A person might think that a post with that title was using it as a metaphor. This would be a reasonable thing to expect; it is a quite useful metaphor. However, this post is about the literal meaning of the phrase.
This came up because suzannemoses and I were driving on highway 101 recently, and it was quite wet from the rain, and I saw (and Suzanne heard) a car three lanes over spin into the sound-block wall at the side of the road. We were in the far left lane, and the relevant vehicle was in the exit lane on the far right, just slightly ahead of us. I presume I glanced over because they started spinning; by the time I had actually glanced over, they were somewhere between sideways and backwards, and obviously doing a reasonably-lazy slide into the wall -- the sort where there was an audible crunch as the front bumper hit the wall and had its cover pulled off, and probably the side of the car would be banged up, but probably slow enough not to cause injury.
Anyway, in the "What was that?" conversation immediately thereafter, I mentally looked back at the split-second image I had of them sliding, and realized that the front wheels were turned in a direction that would make the skid worse rather than better.
Using the common phrase that people use for this, I said that they were "steering away from the skid, rather than into it."
Suzanne was quite familiar with the phrase, having grown up in snow country and thus having had it firmly drilled into her head that it was what one did in case of a skid on an icy road, and asked the confirming question of, "So they were turning like this (with gesture), not like that (opposite gesture)?"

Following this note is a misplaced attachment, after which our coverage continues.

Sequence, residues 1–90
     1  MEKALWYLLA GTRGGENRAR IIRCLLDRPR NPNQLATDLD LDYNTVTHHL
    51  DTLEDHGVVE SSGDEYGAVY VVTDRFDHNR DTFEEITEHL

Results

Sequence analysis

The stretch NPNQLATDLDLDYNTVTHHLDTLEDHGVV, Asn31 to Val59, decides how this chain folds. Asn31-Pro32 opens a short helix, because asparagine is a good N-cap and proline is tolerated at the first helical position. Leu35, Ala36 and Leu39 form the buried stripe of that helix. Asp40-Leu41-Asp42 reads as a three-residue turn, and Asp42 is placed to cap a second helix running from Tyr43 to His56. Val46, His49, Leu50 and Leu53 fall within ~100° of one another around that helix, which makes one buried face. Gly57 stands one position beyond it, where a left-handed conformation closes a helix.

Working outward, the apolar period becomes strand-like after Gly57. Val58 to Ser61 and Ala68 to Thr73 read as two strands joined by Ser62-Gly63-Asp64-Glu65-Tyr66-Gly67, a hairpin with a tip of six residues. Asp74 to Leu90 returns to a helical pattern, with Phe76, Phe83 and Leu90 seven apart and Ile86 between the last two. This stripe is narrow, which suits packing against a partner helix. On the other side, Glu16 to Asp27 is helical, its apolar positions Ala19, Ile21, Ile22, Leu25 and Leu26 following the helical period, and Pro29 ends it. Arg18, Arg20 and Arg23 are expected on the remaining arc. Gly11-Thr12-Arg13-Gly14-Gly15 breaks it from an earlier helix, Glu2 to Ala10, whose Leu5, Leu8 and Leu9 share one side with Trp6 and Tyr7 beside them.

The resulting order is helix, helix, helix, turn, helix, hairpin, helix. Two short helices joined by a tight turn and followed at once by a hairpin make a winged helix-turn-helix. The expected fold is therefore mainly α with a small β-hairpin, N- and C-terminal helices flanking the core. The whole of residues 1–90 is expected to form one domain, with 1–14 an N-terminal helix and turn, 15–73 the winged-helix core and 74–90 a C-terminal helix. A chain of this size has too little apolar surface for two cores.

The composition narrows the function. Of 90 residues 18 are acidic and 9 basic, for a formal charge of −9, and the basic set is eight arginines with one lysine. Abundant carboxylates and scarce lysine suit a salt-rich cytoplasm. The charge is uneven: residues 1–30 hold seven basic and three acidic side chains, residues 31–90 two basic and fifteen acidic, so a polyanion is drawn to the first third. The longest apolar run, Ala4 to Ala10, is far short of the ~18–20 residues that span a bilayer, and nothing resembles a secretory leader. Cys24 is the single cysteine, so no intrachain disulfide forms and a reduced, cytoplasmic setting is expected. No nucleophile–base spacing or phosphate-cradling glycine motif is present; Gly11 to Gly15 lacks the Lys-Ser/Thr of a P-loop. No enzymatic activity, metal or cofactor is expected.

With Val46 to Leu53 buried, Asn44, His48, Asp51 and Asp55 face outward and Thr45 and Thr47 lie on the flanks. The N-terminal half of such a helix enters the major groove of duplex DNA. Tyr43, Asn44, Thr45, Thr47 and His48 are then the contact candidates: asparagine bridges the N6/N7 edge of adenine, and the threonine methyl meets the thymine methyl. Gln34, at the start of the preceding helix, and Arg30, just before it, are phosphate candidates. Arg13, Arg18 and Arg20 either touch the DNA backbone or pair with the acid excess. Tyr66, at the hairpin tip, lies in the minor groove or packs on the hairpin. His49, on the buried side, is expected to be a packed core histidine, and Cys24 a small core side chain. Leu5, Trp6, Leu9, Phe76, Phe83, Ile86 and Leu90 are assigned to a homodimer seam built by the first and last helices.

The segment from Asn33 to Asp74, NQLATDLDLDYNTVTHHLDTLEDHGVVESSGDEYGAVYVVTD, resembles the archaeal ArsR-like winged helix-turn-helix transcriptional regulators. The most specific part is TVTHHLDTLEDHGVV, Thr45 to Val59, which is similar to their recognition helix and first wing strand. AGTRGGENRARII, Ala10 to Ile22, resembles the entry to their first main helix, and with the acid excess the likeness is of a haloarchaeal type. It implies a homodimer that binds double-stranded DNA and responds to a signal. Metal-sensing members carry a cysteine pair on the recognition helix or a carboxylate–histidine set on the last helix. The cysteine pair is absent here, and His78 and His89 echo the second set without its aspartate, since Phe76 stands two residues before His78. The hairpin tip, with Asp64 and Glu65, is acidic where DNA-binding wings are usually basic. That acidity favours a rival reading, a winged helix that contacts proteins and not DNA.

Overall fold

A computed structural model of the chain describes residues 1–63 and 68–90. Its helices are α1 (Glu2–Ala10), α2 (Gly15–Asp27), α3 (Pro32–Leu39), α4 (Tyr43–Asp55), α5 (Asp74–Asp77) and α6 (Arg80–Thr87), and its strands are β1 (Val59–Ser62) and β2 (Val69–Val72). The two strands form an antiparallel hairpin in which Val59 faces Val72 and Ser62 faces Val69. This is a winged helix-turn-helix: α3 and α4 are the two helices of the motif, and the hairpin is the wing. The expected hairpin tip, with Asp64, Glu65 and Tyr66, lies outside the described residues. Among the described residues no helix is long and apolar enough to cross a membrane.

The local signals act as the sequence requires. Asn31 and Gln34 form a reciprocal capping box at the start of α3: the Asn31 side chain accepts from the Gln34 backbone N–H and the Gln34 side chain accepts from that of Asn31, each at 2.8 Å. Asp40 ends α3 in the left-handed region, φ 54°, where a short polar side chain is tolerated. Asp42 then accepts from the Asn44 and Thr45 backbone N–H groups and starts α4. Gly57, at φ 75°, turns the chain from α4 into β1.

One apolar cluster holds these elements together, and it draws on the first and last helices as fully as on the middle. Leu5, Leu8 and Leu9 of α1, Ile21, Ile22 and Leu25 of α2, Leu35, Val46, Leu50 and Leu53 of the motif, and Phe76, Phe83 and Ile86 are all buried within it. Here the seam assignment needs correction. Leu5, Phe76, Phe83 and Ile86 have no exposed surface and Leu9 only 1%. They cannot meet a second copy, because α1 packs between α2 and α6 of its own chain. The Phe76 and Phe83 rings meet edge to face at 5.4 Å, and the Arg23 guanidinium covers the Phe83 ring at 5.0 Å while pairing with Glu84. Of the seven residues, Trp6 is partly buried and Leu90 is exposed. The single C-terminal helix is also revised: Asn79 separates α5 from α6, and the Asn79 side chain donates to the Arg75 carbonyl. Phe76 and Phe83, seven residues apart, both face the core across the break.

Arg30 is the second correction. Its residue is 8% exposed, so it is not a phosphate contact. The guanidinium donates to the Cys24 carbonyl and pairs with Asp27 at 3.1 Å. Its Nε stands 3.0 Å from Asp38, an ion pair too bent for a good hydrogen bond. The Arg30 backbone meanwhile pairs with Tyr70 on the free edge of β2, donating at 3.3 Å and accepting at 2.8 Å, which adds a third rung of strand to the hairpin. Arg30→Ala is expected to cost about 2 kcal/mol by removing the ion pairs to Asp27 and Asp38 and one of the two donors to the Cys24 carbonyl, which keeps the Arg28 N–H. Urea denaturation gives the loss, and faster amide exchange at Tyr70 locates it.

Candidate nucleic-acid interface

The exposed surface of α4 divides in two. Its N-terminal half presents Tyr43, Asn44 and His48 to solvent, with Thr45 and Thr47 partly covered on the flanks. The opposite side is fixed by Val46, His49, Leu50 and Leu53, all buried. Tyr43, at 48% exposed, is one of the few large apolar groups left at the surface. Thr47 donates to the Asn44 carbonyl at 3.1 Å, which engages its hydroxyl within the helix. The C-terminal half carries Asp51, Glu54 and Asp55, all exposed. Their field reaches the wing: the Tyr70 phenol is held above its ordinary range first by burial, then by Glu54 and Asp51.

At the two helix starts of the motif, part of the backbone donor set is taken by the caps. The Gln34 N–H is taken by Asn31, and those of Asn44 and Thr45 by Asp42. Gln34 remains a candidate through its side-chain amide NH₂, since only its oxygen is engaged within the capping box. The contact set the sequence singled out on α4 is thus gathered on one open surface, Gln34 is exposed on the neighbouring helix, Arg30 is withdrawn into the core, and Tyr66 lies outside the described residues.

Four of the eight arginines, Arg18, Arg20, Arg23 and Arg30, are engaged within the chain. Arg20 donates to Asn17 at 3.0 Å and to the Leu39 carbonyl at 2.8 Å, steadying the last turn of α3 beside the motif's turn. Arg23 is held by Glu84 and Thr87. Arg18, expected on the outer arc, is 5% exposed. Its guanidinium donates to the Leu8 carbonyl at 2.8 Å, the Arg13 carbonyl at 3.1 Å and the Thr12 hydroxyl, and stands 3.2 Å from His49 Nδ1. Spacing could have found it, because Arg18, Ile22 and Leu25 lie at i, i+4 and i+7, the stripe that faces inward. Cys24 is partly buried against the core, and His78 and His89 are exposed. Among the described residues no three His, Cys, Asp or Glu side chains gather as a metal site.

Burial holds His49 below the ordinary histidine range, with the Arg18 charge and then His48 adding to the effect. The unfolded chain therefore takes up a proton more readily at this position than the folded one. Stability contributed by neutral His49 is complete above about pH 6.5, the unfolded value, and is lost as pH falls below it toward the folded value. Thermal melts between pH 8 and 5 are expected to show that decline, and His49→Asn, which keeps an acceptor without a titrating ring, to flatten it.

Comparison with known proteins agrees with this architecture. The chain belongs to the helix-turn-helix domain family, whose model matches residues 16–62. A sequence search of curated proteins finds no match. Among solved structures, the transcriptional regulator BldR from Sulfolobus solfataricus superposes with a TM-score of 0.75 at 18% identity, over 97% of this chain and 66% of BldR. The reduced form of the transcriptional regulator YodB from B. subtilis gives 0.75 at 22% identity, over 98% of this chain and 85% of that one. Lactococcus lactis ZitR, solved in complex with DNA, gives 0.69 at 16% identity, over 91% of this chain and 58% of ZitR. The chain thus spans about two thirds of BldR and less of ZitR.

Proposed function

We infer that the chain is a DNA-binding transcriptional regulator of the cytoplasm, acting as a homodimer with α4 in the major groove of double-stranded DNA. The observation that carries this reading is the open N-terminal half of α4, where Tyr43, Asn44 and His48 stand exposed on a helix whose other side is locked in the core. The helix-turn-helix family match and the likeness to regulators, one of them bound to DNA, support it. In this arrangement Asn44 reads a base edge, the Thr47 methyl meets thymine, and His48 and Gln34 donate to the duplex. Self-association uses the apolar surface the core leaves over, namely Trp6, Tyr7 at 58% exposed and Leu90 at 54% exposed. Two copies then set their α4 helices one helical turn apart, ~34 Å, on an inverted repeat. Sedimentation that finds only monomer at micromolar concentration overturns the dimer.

At which point she pointed out that approximately nobody actually explains what "steer into the skid" actually means, and that is a real problem because it is ambiguous!
And so it seems useful to actually explain....
The underlying idea of the advice is that you only have control of a car if it is going forward and the front wheels are rolling. If the wheels are sliding, the car is just going to slide and you have no input on where. Thus, if you are driving a car and it is starting to spin and skid off the road, the right thing to do is accept that the car is going the direction it is going (at least for the moment) and turn the steering wheel so as to get the car to point so that that direction is "forward" -- ideally before the car is completely sideways. And then, once the car gets back to being under control, you can deal with controlling it to not go off the road.
This is sort of counter-intuitive if one's sliding sideways off a snowy road -- you want to get back to the middle of the road, so if the car is sliding to the right, a person might instinctively turn the wheel to the left to get back onto the road. And so then the car slides sideways off the right side of the road.
On the other hand, for a spin where the problem is the car is going the right direction but pointing the wrong way, it's actually what feels intuitive (at least to me); the car is turning clockwise and I don't want that, so turn the steering wheel to make the car turn counter-clockwise.
Or, going back to the initial phrase:
The wrong interpretation: "Steering into the skid" does not mean, when the car starts spinning or skidding, steer to make it turn in the rotational direction that it's spinning.
The right interpretation: "Steering into the skid" means, when the car starts spinning or skidding, steer to make the car point in the positional direction that it's moving.
This clarification also has me thinking about what that means as far as properly applying the advice metaphorically, but as I noted at the beginning, that is not the subject of this post!
Crossposted from Dreamwidth (original here), with comments. Comment here or there; comments here will eventually be duplicated to there.